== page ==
Review Your List & Prioritize
A quick look at your list of things to do will give you an idea of whether you need to step up your efforts or if you’re going to have to defer that maintenance until next year. I was planning to pressure wash and paint one of my properties, and I probably won’t be able to get to it even though there’s plenty of summer left since the building has to dry out for awhile after it’s washed. I still have to repair a deck and now I might have to replace a roof. Those take priority because (1) they relate to safety, and (2) it could cause more damage if it’s not taken care of. Since both time and money are tight, some things can’t always get done right away.
Reap Your Reward
Your ability to get things done so you don’t have to defer them will set your properties apart from other properties, and you apart from other landlords.
Do you have any chores you were planning to do, but couldn’t because of the weather?
I got myself involved in a discussion in the comments section of an article over at Landlord Rescue the other day and it gave me the inspiration to expand on it over here. The article began with a question from a reader, one that’s been asked many times, “how can I hire a decent contractor/handyman without being ripped off?” I talked about working with trades people before, but a point was brought up in the comments that is worth noting: once you own the property, repairs and maintenance have to be dealt with regardless of how much cash you have sitting in the bank. Believe me, I know this lesson and I’m still learning it. Read more…
Recent data from the Bank of Canada shows that inflation is rising higher, and that means that we can expect interest rates to rise sooner rather than later. The most recent inflation rate of 3.7% is the highest it’s been in eight years, and is well above the 2% level that the Bank of Canada is required to keep inflation at.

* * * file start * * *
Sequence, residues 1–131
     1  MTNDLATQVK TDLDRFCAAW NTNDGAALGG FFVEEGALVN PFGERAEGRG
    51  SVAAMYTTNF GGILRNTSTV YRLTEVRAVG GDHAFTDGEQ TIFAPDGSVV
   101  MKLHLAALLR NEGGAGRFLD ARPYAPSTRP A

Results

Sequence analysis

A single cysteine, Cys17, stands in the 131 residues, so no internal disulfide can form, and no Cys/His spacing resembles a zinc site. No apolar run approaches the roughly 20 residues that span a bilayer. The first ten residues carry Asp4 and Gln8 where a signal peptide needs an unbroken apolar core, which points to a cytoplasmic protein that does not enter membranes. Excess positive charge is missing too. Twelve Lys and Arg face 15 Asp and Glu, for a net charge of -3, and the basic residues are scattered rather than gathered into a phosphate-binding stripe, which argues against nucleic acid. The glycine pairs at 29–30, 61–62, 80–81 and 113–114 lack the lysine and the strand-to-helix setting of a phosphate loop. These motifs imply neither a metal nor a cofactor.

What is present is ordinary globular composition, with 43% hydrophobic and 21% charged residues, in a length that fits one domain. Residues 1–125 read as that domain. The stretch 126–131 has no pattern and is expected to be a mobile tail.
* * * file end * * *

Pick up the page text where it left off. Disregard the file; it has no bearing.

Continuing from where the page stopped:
This key indicator effects nearly the entire economy, and is especially important to landlords for several reasons:
The Bottom Line Takes a Hit
If you have a variable rate mortgage or plan to refinance any of your properties in the near future, then you may face higher debt burdens, which means nothing more than less money for you and more for your lender.
I read a great article over at milliondollarjourney.com written by Ed Rempel titled Avoid the 5-Year Fixed Mortgage Trap that discusses why you should use a variable rate loan to finance your properties. It specifically discusses how a variable rate mortgage is still cheaper than a fixed rate mortgage because the fixed rate mortgage often starts out higher. That said, you’ll still end up paying more than you used to once rates get hiked.
I would caution that if you’re highly leveraged on your property, as many beginning real estate investors are, then a variable rate mortgage could turn your positive cash flow negative.